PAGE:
Eagle survives with help of Forest County Potawatomi

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Photos and Story By Lori Thomas
Forest County Potawatomi Traveling Times (NFIC) 5-09

 Clarence Daniels releases the eagle which was sick due to lead poisoning, that he captured in late December 2008.

O, Keno, gichiwendem Egibgednayek... A happy Eagle returns home.

During April, the sick keno (eagle) that Forest County Potawatomi (FCP) member Clarence Daniels found, as a result of lead poisoning, was released back to his familiar surroundings.

Billy Daniels Jr. (Keno clan), FCP tribal elder and language teacher, started the ceremony off with a prayer and then went on to let everyone know how thankful he was for his nephew, Clarence, to have found the keno that would not have survived on his own.

The male keno was found along Hwy. 55 in Pickerel, Wisconsin. Marge Gibson, director of REGI, traveled to the FC Potawatomi security office where Clarence drove with the keno to get help.

During the release ceremony, Gibson carefully reunited the keno once again with Clarence, his rescuer, and within a few seconds the keno proudly spread his wings and flew to a nearby tree.

There were smiles and many tears (of joy) that were shown on the faces of those that came to support the keno and his release.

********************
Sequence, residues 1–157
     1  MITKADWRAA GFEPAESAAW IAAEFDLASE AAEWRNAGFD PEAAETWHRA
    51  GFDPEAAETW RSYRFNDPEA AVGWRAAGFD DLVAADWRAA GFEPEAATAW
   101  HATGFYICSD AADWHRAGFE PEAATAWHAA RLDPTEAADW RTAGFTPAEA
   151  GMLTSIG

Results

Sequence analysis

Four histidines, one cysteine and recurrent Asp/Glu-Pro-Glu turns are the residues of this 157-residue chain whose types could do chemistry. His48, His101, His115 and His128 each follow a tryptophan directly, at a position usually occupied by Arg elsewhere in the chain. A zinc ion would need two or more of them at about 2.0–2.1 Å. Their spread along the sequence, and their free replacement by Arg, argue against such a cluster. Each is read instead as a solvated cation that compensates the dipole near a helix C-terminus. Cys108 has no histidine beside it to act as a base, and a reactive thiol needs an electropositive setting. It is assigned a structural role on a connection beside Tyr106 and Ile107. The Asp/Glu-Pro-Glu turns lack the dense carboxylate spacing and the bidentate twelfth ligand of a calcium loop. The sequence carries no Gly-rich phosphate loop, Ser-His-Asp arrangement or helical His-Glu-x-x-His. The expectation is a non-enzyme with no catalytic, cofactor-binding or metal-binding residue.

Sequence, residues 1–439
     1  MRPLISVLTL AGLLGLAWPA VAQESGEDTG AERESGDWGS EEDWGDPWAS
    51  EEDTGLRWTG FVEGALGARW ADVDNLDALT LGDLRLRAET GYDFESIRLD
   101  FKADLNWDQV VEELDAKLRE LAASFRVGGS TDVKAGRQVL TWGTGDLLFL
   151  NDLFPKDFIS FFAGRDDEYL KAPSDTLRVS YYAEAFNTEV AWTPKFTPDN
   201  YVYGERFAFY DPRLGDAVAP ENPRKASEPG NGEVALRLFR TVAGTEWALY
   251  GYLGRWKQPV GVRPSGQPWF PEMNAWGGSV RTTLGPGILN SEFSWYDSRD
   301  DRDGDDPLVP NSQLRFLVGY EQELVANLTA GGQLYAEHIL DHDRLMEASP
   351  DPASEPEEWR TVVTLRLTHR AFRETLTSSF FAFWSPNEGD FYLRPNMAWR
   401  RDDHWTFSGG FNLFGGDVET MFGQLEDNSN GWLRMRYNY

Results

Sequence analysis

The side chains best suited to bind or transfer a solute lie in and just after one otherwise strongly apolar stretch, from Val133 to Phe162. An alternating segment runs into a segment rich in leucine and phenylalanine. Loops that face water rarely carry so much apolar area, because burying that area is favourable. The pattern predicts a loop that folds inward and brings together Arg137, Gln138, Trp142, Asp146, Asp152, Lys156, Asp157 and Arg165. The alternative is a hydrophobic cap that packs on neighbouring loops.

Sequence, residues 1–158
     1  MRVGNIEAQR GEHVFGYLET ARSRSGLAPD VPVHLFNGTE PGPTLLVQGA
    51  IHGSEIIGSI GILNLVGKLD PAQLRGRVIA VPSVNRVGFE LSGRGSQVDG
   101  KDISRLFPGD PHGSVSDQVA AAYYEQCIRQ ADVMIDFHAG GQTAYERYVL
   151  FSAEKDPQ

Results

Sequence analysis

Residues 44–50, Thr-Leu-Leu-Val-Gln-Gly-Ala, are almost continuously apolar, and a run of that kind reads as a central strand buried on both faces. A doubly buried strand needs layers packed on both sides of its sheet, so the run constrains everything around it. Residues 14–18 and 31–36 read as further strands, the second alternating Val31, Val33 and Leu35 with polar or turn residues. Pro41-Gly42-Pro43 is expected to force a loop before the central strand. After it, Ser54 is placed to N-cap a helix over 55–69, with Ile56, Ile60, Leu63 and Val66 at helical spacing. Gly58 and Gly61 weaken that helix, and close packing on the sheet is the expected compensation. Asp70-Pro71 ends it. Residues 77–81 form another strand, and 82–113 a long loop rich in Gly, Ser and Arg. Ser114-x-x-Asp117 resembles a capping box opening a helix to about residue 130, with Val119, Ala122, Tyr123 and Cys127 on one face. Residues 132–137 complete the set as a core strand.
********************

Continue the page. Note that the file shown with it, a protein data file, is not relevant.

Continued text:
Perched on a branch of the nearby tree, the keno took one look back towards the crowd of people that prayed for his healthy recovery and flew off to become familiar, once again, with all the beings around him.

The Native singing group, Earth Day drummed an Eagle song for the keno once he took flight. A few had seen the keno make his way back once more in the distance as the singing took place and then, he flew out of sight. 

Billy Daniels Jr. (right) gives  a prayer before the release of the Eagle.

Daniels Jr. presented a blanket to his nephew, Clarence, and also a keno feather. Keno feathers are given to many who have accomplished great deeds in their life, from serving in the armed forces to saving a life, as did Clarence on that cold December day. After Clarence received his gifts, an honor song was sung for him.

To Anishinabe, everything is looked at as having a spirit and as so, respected as such. Our animals, plant life, insects, birds and waterfowl all play a huge role in the cycle of life and come first and foremost of importance before humans. If it weren’t for all the other beings that we share this earth with, we as humans would not survive.

A long time ago, methods of hunting were performed in a manner where it would not harm any of the other beings that live with us. Because of the changes with time, we need to do a little bit more thinking as far as what we should use when hunting and fishing that will not bring harm to all other beings.

The message from the elders was that when you go out and place your asema  (tobacco) to the ground, before you hunt or fish, make sure that you always keep the story of this eagle’s recovery and release as a reminder to what happens to our cycle of life when things like this take place. Choose non-lead alternatives for bullets and fishing sinkers. Let’s reduce the number of birds, wildlife and waterfowl that are being found dead or seriously ill because of lead poisoning.

If we lose the eagles who are looked at as our messengers in this chain of our life cycle, who will then be able to carry our prayers to our Creator?